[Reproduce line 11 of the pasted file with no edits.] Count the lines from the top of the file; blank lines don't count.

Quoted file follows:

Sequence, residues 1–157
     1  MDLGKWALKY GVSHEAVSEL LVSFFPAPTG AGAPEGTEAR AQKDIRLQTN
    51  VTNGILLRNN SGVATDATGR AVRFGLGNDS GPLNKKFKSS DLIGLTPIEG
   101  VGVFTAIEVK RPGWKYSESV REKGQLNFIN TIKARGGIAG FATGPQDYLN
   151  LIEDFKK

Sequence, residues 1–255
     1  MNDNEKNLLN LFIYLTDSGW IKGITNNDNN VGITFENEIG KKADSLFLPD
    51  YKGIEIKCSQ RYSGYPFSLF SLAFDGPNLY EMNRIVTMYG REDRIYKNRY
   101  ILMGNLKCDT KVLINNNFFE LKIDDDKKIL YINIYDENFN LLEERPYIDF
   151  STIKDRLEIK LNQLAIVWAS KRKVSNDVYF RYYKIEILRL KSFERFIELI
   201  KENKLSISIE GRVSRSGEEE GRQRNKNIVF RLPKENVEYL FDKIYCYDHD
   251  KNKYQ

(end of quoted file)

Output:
   201  KENKLSISIE GRVSRSGEEE GRQRNKNIVF RLPKENVEYL FDKIYCYDHD